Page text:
Oh, and she happens to be half human, half-fish.

That didn't seem to deter Ariel.  For the first sixteen years of her life, she had a happy childhood living under the sea in the kingdom of Atlantica.  Still, she had always dreamt of what life was like in the upper world beyond the crests of waves and ocean tides.  She often goes up to the surface to get updates about the human world courtesy of her seagull friend Scuttle.  She also goes on the hunt for human artifacts that have fallen into the ocean over the years with her pal Flounder.  Everything she finds seems to have some sort of value to Ariel.  It could be something valuable like a candelabra or a statue.  It could be something worthless like a fork.  It didn't matter to Ariel.  Her increasing curiosity of the human world combined with her attraction for odd looking things helped Ariel amass a sizeable collection of human artifacts and treasures.

Basically, Ariel was an underwater hoarder.

However, like the popular show 'Hoarders' that currently airs on A&E, Ariel had a reason for the accumulation of junk, much like those featured on the show.  Ariel really wanted to be a part of the human world.  She was fascinated by it, and didn't think that it was as scary a place as her father, King Triton, or Sebastian the crab had let her believe it was.  As Ariel said herself, how scary could a place be if it had beautiful things inside of it?  King Triton believed differently.  Because his only interaction with the human world was through fishermen, he assumed that all humans were predatorial, and therefore must be avoided at all costs.  He assigned Sebastian to watch over Ariel and Flounder to make sure that she never ventured up to the surface again.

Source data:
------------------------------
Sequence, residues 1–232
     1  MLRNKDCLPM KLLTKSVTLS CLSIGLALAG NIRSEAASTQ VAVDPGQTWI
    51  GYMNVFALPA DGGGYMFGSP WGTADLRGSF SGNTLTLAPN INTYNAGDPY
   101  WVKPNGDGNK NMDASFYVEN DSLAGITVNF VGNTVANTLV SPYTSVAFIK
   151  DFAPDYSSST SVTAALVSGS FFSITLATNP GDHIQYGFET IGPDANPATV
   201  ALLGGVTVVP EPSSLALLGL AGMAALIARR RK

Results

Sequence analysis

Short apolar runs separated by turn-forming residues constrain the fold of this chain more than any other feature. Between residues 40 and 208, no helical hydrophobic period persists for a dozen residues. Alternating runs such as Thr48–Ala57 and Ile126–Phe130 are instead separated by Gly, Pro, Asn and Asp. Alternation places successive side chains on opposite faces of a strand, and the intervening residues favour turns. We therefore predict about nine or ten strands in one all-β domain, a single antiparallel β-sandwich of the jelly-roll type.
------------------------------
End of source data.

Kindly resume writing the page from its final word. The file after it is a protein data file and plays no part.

Fate had a way of interfering in Ariel's life.  In this case, fate happened to be a member of royalty.

As it so happened, Ariel, Sebastian, and Flounder happen to witness a birthday celebration for Prince Eric.  The celebration takes place on a ship and once Ariel lays eyes on Eric, it is immediately love at first sight. 

Shortly after the celebration kicks off, a wild storm enters the path of the ship that the party is on, and the strong winds and powerful weather cause the boat to start sinking into the ocean.  Luckily almost everyone on board escapes without injury, but Eric happens to go down with the ship while trying to save his dog.

Ariel manages to rescue and revive Eric by singing to him, but when he wakes up, she's forced to leave as a search party locates Eric.  Eric never forgot the voice that sang to him, and vowed to locate the woman who saved his life, unaware that Ariel herself had her own wish.

So we have our conflict.  Eric wants to find the woman who saved him to thank her profusely and because he probably would like to get to know her better, not realizing that she is a mermaid.  And Ariel wants desperately to be a human so she can be a part of Eric's world, but knows that it would be an impossibility.

Ariel reluctantly returns to life under the sea, but her loved ones notice that she is behaving strangely.  King Triton questions Sebastian about Ariel's behaviour, and in a moment of weakness, Sebastian tells King Triton all about the incident between Ariel and Eric, which makes Triton very, VERY, angry.

Want to see an angry father in action?  Take a look. do NOT want this guy on your bad side.  Nuh-uh.